“Father, forgive them; for they do not know what they are doing.” Luke 23:24.
Words change in their connotations. Cool, for instance, means something completely different from what it meant fifty years ago, transforming from an observation about temperature to a description of alignment with the latest fashion. Fantastic, another changing word, once meant of or about a fantasy, but now more often means simply very good.
Regretfully, amnesty is one more word whose meaning has shiftedin the last few years. Amnesty used to mean to forgive, to wipe clean. Amnesty was an act of love and compassion. These days it is a politically charged word, and means to let undocumented immigrants apply for citizenship without risk of deportation, something many people these days consider a serious injustice.
Amnesty used to be a great word. To forgive another person and wipe the slate clean is a very special kind of forgiveness, one that exceeds our ordinary sense of the word. Often when we find the courage to forgive, it is a half-hearted gesture. “Forget about it” or “don’t worry about it” is closer to what we mean. We want to forgive, but the casual way we do it means we have not completely set aside the hurt we feel.
But to wipe the slate clean, to give the other person a complete, new start, is a rare gift. It deserves its own word. It is regrettable that politics has deprived our language of the perfect term for it.
On the cross, Jesus forgives his murderers, and does so with compassion. This is not a typical act of forgiveness, but rather an act of amnesty, a complete forgiveness. Jesus looks into the hearts of his killers and finds that they do not know what they are doing. He is giving them the benefit of the doubt, and in a very compassionate way: When he says he forgives them because they do not know what they are doing, he is implying that if his killers knew what they were doing, they would not be doing it. Their fault is not in being evil, but in not knowing good from evil.
In our human eyes, we may not see things the way Jesus does, but since Jesus is divine, we must take his intuition very seriously. Jesus is saying that his killers would have done the right thing if they had known what it was, even though in reality the right thing is the opposite of what they do.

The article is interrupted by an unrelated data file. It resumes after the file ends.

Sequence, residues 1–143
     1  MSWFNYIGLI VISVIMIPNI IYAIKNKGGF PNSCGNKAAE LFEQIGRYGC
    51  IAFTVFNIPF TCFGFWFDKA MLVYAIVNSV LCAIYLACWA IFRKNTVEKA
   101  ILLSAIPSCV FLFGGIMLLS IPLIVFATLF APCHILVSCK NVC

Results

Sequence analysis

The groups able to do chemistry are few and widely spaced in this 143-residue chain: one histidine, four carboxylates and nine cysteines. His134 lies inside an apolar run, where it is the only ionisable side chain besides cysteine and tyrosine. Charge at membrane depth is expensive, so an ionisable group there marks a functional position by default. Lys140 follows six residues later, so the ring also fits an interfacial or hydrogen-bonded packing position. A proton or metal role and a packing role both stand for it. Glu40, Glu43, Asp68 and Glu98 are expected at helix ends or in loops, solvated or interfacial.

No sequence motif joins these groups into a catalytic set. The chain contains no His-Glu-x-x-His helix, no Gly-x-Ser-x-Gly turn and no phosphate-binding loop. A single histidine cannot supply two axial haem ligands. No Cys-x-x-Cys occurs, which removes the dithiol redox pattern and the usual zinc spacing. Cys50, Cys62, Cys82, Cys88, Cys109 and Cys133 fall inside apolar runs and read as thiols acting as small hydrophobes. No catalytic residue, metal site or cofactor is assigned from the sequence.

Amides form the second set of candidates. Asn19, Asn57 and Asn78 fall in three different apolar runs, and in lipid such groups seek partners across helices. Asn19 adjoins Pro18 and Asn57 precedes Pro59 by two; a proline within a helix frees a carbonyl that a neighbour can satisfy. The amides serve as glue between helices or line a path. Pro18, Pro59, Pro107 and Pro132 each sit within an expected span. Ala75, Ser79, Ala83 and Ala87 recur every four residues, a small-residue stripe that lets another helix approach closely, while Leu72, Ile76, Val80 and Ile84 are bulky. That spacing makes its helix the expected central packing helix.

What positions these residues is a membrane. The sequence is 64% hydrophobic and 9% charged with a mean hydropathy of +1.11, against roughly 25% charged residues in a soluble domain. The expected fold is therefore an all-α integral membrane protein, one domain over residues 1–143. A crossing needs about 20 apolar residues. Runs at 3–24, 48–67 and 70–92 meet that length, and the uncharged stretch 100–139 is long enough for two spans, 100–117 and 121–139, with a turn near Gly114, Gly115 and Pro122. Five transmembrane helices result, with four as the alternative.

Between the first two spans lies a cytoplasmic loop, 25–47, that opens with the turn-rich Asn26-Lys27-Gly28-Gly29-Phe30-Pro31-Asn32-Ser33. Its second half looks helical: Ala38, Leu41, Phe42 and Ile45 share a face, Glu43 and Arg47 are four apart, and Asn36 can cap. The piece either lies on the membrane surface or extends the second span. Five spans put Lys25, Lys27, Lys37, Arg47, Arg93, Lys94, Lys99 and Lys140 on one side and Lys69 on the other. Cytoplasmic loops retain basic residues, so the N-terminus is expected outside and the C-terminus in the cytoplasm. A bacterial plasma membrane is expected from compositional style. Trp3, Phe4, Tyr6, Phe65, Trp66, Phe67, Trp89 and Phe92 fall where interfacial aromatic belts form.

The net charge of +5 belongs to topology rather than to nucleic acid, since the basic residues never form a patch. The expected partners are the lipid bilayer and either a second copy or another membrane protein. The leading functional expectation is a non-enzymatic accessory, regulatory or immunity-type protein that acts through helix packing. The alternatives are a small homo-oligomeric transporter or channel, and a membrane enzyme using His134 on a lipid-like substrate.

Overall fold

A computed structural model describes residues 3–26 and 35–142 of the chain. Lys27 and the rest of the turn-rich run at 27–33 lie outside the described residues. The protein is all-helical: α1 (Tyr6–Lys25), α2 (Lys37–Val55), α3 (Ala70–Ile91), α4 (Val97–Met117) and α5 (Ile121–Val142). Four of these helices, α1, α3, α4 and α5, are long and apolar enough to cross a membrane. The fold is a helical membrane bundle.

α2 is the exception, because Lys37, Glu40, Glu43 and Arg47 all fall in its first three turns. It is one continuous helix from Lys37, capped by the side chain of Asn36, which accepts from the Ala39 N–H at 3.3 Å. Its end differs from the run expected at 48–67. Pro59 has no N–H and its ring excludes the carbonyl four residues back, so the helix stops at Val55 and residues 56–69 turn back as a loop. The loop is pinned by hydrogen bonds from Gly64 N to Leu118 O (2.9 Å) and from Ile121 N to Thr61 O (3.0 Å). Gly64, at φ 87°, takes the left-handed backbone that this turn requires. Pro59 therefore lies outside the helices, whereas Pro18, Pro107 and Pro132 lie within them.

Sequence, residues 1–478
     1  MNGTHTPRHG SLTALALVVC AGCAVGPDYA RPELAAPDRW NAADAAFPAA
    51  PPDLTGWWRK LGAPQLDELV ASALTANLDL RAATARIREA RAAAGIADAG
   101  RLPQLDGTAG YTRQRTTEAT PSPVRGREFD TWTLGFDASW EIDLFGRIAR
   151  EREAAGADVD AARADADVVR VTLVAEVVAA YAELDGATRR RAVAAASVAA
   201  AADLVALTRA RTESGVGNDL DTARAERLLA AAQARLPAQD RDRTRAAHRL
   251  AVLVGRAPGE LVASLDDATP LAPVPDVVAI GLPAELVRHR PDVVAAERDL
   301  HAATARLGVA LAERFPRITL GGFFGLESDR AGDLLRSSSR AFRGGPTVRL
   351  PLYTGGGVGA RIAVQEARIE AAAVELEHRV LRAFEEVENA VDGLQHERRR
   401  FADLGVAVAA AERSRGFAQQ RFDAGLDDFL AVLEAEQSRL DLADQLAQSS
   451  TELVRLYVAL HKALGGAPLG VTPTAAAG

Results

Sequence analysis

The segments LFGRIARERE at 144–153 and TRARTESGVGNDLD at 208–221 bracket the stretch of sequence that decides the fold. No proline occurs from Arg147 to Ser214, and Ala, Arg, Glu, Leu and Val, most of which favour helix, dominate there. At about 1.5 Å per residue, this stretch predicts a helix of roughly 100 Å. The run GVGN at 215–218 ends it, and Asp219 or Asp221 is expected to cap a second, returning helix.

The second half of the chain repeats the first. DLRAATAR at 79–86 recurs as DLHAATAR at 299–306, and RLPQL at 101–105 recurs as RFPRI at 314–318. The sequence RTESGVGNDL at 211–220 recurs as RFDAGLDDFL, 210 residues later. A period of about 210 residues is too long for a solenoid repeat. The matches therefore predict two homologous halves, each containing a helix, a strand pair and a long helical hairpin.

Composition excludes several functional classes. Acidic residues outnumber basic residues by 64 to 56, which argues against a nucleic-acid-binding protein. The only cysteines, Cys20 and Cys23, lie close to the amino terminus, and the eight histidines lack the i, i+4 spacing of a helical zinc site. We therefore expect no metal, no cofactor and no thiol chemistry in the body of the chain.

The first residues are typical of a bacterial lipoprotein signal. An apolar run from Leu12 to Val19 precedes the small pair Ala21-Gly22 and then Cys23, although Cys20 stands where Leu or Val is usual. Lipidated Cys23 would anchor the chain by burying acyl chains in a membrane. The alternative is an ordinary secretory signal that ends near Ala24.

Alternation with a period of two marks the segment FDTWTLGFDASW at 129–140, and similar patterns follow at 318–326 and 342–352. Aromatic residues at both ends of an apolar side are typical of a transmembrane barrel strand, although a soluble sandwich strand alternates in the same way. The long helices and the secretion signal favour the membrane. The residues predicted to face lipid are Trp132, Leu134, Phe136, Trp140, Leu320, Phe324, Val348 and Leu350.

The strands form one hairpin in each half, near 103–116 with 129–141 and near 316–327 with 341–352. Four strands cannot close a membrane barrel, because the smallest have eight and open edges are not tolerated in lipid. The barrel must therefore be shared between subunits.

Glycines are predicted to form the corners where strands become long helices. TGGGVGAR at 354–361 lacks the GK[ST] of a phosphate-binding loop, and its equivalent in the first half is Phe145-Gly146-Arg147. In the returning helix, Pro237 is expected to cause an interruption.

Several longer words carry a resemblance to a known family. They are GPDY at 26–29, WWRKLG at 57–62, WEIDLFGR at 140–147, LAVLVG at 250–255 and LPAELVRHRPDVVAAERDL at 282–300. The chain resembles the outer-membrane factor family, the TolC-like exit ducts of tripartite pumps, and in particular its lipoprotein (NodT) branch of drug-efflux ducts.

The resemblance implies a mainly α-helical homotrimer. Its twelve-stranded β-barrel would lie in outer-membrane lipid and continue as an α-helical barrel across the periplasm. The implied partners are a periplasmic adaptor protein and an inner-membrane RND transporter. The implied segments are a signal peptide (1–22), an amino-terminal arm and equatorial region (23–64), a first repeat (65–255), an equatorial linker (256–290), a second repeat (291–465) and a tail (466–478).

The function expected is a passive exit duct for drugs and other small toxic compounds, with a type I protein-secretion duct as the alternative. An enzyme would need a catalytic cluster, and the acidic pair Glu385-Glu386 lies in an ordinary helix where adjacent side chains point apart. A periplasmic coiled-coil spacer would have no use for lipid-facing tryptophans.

Amnesty is the root, the wellspring, of true forgiveness. Forgiveness only God can give. To understand that humans, being children of God, are always good at their deepest level, is an insight only an infinitely loving God can have. In God's eyes, even our worst acts have some motivation in goodness — we cannot escape being good; we cannot completely reject God, no matter how hard we try.
Evil is not the opposite of good, it is the absence of good. And this is very different from the way we usually think of evil. Absence can be filled up. Opposite can only be destroyed. Thus Jesus is no destroyer, but a redeemer.
It is crucial that we all seek out, and mete out to others, pure forgiveness -- amnesty -- before our deaths. Only in this way can we be redeemed after death. In these Last Words, Jesus is offering just such amnesty to us.
This is a very optimistic view of evil; perhaps too optimistic for most people. Many people may have difficulty with the idea that creation is good and that evil is only a perversion of goodness and is not a thing itself. Evil seems so real. But it is true, if one thinks about it. Beauty and and ugliness are considered opposites, but they not two equal substances. Ugliness is the absence of beauty, but not a thing itself. Or take hatred, which is also not a thing, but the absence of love. We know this because love can fill up and remove hatred, and beauty can fill up and remove ugliness, but it doesn’t work the other way around. Beauty defines ugliness but ugliness does not define beauty. We never think of something beautiful as an absence of ugliness. We never think of love as the absence of hate. It simply doesn’t work that way.
So, while it is optimistic to think of evil not as truly existing but as being the absence of the attributes of God, it is a fair way to view creation. And since sin and evil are the absence of God rather than the opposite of God, it is through forgiveness -- amnesty -- that God can fill up evil, remove it, and render it harmless.
For a complete list of links to the seven essays on this topic, please go here.